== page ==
Author: Jan Drenth
Publisher: Springer Science & Business Media
Release Date: 2002-02-15
New textbooks at all levels of chemistry appear with great regularity. Some fields such as basic biochemistry, organic reaction mechanisms, and chemical thermodynamics are well represented by many excellent texts, and new or revised editions are published sufficiently often to keep up with progress in research. However, some areas of chemistry, especially many of those taught at the graduate level, suffer from a real lack of up to-date textbooks. The most serious needs occur in fields that are rapidly changing. Textbooks in these subjects usually have to be written by scientists actually involved in the research that is advancing the field. It is not often easy to persuade such individuals to set time aside to help spread the knowledge they have accumulated. Our goal, in this series, is to pinpoint areas of chemistry where recent progress has outpaced what is covered in any available textbooks, and then seek out and persuade experts in these fields to produce relatively concise but instructive intro ductions to their fields. These should serve the needs of one-semester or one-quarter graduate courses in chemistry and biochemistry. In some cases, the availability of texts in active research areas should help stimulate the creation of new courses. Charles R. Cantor v Preface to the Second Edition Since the publication of the previous edition in 1994, X-ray crystallography of proteins has advanced by improvements in existing techniques and by addition of new techniques.
Due to their unique porous properties, zeolites (also referred to as molecular sieves) are used in a variety of applications - major uses are in petrochemical cracking, ion-exchange (water softening and purification), and in the separation and removal of gases and solvents. Molecular Sieves: From Basic Research to Industrial Applications, Volume 158 A,B presents over 265 worldwide contributions on the latest developments in zeolitic research. Readers will find this book, which is divided into five sections: Synthesis, Characterization, Adsorption, Catalysis, and Novel applications, ideal for staying up to date on current research on porous materials. * Comprehensive overview of current research on porous materials * Contains experimental as well as theoretical input, reflecting the increasing overlap between theory and experiment * Contributions from the world's leading authorities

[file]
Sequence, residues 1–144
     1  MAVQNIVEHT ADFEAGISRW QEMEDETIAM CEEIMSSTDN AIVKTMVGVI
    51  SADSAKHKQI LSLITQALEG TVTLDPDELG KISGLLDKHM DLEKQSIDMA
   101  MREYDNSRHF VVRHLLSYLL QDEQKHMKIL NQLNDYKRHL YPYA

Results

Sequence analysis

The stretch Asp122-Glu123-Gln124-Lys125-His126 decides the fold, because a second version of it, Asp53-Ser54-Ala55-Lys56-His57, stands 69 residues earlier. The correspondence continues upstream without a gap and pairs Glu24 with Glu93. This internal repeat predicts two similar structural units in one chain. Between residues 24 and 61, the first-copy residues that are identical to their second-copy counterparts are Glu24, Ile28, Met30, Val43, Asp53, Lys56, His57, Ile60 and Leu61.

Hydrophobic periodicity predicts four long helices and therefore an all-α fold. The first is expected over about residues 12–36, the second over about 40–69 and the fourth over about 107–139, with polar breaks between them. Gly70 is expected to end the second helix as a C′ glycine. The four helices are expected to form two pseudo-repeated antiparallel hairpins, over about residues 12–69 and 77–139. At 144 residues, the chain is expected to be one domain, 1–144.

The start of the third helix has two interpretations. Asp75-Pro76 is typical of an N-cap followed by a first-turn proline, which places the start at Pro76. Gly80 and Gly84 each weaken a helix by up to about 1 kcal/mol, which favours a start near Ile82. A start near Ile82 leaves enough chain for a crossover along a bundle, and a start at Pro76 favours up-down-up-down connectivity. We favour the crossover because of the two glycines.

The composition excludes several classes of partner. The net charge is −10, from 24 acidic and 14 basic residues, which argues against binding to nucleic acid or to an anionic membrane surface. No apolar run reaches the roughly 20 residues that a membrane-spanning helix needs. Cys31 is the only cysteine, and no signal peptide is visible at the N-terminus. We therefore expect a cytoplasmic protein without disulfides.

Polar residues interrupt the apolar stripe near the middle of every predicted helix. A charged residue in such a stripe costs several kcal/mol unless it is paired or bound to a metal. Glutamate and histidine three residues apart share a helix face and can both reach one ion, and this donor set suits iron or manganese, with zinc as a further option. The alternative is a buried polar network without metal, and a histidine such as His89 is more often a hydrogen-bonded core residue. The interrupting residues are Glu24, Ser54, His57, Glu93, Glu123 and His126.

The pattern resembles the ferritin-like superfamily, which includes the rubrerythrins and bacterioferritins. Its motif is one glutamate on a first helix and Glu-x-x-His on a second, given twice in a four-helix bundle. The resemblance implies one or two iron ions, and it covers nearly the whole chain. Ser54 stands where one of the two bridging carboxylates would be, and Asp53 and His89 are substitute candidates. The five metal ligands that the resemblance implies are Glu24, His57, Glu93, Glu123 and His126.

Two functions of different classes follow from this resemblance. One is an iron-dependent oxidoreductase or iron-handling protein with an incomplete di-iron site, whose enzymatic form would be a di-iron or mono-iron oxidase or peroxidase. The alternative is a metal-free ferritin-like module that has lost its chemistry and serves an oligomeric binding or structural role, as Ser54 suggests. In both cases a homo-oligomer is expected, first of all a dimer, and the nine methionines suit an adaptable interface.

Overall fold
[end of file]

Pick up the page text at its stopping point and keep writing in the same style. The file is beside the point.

Author: George Lindenberg Clark
Release Date: 1940
Genre: Rayons X
Part I: General physics and applications of x-radiation: Before and after the discovery by roentgen. X-ray tubes. High-tension equipment. The measurement of intensity (dosage). The measurement of quality (Wave length). X-ray spectra and atomic structure. Chemical analysis from x-ray spectra. The absorption and scattering of x-rays. Radiography. X-ray photochemistry. The biological effects of x-radiation. Part II: The x-ray analysis of the ultimate structures of materials: Crystallography and x-ray diffraction. The experimental x-ray methods of crystal analysis. The interpretation of diffraction patterns in terms of ultimate structure. The results of crystal analysis: elements and inorganic compounds. Crystal chemistry: fundamental generalizations from experimental data. The silicates. Minerals, soils, ceramics, cements. Alloys. The crystalline and molecular structures of organic compounds. The structure of glasses, liquids, and other colloidal and amorphous materials. The interpretation of diffraction patterns in terms of grain size, orientation, internal strain, and mechanical deformation. Practical applications of x-ray diffraction to problems of the metallurgical industry. Polymers-synthetic and natural materials with giant molecules.